Vulture at the Wheel It’s all about the steering. The face-lifted Audi A1 has eschewed the trend to drive-by-wire and has mechanical steering with variable electrical assistance. I drove the new 1.0 three-cylinder petrol engine version, and over the miles what started as a nice little practical town car turned into a fun little toy.
Reviewing cars is the best job there is at The Register. Audi took me to Monaco for a couple of days and let me loose in the new car on the Col de Turini and neighbouring roads. An 84 km loop from and to Monaco, and what an amazing loop it was.
I must have driven for an hour of it without seeing another car and it's all the most amazing hairpins, but pretty well sighted. The car’s turning circle is 10.6 meters, well short of the Twingo’s 8.5 but good enough around the bends.
Forbidding: The Col de Turini is pretty much deserted at this time of year
The A1 isn’t a sports car but it more than held its own, pulling out of the uphill hairpins and being composed braking into the downhill ones.
There is two-stage Electronic Stabilization Control ESC with extended torque vectoring at the front axle, although what the bigger engined models have – and I didn’t miss – is the Audi drive select dynamic handling system or optional adjustable dampers.
Handling is probably helped by the engine weighing so little. Audi quote 88kg for the unit without ancillaries; its crankcase is made of cast aluminium.
Efficient: If they did the interior in white, it'd look like an operating theatre
The obligatory presentation to introduce the car – made in German with an interpreter, even though I was the only person in the audience – made much of the steering and practice showed it to be no idle boast.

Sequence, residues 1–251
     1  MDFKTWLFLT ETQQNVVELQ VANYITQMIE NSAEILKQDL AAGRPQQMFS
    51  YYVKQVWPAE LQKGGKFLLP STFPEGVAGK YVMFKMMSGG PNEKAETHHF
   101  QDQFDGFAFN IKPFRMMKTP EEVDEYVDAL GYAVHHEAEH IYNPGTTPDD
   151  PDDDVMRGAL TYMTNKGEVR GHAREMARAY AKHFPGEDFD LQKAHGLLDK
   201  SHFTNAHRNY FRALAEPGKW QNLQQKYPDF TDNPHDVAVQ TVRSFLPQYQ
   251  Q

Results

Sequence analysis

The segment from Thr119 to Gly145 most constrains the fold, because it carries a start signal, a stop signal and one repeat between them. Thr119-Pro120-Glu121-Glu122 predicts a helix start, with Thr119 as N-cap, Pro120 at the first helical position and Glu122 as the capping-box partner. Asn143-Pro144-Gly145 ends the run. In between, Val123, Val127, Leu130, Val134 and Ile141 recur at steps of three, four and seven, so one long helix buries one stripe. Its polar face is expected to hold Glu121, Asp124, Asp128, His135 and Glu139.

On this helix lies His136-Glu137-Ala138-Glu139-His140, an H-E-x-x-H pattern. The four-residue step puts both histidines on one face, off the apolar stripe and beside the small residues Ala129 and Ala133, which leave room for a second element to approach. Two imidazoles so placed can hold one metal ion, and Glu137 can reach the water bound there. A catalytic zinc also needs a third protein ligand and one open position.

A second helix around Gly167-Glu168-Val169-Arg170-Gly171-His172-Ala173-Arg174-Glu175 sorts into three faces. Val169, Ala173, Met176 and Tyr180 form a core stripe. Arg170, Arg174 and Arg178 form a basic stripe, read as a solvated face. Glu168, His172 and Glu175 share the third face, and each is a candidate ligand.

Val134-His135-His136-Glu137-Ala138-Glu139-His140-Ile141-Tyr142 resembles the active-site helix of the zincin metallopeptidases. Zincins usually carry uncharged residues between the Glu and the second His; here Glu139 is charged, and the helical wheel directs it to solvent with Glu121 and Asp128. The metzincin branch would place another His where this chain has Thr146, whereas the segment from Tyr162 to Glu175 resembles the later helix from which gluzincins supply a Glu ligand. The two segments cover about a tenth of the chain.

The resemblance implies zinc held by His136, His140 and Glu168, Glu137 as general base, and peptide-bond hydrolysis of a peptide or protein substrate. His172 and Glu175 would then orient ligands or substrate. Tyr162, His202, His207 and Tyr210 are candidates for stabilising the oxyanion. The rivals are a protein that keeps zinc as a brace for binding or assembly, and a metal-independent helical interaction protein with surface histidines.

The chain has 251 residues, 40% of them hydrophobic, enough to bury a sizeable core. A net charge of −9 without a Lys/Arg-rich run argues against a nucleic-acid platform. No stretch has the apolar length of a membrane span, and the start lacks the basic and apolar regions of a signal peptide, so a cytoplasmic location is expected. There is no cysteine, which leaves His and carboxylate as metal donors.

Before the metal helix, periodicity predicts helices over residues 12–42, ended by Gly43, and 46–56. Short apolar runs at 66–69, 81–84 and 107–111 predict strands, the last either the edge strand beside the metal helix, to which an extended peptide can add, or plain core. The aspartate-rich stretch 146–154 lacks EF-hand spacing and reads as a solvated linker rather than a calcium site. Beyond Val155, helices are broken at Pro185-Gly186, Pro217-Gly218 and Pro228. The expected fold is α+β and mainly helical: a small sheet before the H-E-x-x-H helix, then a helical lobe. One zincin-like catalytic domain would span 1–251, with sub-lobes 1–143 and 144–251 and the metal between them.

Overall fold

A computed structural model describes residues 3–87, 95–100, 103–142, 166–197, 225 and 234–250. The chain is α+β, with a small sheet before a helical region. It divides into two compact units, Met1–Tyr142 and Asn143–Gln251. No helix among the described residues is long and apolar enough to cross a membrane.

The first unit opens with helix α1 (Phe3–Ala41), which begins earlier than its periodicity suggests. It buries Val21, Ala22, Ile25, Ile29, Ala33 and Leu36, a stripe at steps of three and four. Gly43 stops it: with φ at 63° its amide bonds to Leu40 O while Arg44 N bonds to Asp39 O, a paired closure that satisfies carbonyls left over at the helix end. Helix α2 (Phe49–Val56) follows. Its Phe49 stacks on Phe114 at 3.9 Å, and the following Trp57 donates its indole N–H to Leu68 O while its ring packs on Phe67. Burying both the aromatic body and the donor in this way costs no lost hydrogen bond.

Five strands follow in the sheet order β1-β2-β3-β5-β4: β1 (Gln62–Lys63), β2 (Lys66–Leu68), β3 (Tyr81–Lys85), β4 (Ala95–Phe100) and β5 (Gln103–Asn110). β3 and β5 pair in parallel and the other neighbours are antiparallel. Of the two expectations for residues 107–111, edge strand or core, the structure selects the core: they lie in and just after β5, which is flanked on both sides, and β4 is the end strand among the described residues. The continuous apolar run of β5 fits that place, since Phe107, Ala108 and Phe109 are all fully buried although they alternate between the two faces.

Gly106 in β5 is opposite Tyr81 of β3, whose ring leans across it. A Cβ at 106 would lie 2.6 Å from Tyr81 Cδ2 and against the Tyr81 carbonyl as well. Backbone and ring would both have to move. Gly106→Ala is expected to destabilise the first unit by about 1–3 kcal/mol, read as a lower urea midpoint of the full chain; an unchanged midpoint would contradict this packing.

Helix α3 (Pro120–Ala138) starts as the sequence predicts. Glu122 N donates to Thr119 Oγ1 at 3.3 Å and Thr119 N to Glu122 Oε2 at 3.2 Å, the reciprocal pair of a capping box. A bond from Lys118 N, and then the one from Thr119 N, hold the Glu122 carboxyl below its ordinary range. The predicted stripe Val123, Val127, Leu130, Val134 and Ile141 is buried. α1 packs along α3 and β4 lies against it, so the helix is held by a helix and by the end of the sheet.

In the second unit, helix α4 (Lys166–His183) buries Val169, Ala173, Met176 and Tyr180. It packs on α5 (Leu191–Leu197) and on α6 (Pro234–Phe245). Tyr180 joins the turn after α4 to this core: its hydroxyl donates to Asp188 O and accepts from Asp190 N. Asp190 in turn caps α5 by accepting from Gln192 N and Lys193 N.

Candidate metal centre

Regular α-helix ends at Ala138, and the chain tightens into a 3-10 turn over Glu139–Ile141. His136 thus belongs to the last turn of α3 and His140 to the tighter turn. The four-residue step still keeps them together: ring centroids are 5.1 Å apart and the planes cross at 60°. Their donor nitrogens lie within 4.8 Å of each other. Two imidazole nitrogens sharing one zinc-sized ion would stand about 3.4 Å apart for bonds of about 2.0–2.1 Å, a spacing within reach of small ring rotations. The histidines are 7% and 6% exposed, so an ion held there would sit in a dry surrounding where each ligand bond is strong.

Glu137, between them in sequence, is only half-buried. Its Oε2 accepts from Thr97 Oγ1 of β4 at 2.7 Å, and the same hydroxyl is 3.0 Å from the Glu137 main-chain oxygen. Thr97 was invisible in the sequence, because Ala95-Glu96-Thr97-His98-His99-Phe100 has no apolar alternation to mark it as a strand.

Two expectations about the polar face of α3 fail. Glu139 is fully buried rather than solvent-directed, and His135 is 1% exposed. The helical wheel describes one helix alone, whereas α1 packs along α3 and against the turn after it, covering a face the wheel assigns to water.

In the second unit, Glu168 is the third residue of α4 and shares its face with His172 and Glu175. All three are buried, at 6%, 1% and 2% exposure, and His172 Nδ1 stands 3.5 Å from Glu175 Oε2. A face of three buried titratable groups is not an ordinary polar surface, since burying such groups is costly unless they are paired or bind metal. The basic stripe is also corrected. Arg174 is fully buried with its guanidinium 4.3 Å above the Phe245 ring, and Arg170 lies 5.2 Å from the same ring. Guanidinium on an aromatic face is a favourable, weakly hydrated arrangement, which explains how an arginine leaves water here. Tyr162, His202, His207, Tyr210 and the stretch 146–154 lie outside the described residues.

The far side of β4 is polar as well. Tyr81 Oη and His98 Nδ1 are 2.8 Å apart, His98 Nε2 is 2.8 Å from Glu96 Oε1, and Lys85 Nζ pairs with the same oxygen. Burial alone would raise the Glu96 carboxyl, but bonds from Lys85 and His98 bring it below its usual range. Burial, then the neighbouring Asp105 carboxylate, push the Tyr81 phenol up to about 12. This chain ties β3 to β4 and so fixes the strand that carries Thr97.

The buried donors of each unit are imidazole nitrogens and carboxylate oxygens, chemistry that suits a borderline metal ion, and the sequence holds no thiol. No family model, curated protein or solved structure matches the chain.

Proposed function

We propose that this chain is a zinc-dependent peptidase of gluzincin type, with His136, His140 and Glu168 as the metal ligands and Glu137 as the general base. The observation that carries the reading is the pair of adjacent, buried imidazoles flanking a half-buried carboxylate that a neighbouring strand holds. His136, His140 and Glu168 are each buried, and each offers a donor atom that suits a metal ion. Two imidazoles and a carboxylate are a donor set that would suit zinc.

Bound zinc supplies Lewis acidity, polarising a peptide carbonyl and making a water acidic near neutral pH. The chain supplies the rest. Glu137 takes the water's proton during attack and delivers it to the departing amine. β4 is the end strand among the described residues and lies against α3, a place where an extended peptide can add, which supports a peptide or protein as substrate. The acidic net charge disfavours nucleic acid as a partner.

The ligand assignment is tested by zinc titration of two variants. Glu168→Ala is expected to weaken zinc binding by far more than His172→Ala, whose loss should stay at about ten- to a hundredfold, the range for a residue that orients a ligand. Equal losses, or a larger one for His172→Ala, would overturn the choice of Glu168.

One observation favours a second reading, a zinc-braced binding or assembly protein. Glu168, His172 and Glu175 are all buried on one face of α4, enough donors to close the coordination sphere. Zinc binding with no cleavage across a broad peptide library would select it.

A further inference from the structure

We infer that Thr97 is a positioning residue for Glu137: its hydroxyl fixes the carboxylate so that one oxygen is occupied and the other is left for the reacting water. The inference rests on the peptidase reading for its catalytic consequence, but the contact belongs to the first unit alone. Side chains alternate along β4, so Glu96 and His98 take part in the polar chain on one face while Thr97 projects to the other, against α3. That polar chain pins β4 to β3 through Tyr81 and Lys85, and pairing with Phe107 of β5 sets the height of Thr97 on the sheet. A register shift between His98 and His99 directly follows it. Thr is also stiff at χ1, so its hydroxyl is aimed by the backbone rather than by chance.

They told me: “Before the understeer threshold is reached, finely metered brake torque that is imperceptible is applied to the wheels at the inside of a curve. When power is applied, the excess torque flows to the outer wheel; this makes the car steer into bends and hairpins precisely. Within physical limits, the tendency to understeer is minimized by this ESC function,” adding, “a sub-function of ESC is the standard multicollision brake assist system. After a crash, it prevents continued uncontrolled rolling of the car and possibly a secondary collision.”
So it doesn’t feel as though the handling has been so tuned to be safe it robs the car of enthusiasm.
The A1 has been a great success for Audi; they’ve sold half a million of the things, mainly in Europe. The facelift comes four years after the introduction and mainly consists of the usual cosmetic surgery, nips and tucks, new colours, particularly for the wonderful eyeball vents.
Audi is very proud of the vents, and while you can’t get them with the LED temperature control in the middle like you can on the TT, a lot of the presentation was on the vents.
There are six “new” engines. That is new to Audi as Volkswagen group is the master of platforming and the efficient three cylinder 1.0 is already available in the Polo. I’ve recently tried the Fiat Twin Air, Ford Ecoboost and Renault offerings of 1.0 three cylinder turbos and the Audi isn’t as powerful or sonorous as the Ford or Fiat versions, the buzzy twin-air still leads the way.
Small but mighty: Audi A1 1.0 litre engine bay
The 1.0 is, however, the engine I liked most. I tried the 1.6l diesel and thought it thrummy; there was none of the low-down torque which makes diesel attractive and the world is turning against the emissions from oil burners. I also briefly tried the 1.8l, which didn’t seem appreciably faster and is a lot more expensive.
The 12 valve 1.0 is really 999 cc (bore x stroke: 74.5 x 75.4 mm), and puts out 70 kW (95 hp) with 160 Nm (118.0 lb-ft) of torque. The piston pins have a DLC coating and Audi says that the forged connecting rods and aluminium pistons are so finely balanced that the engine does not need a balancer shaft.
While the small engines are new to Audi the concept is not entirely new; we’ve seen them before in other Volkswagen group cars.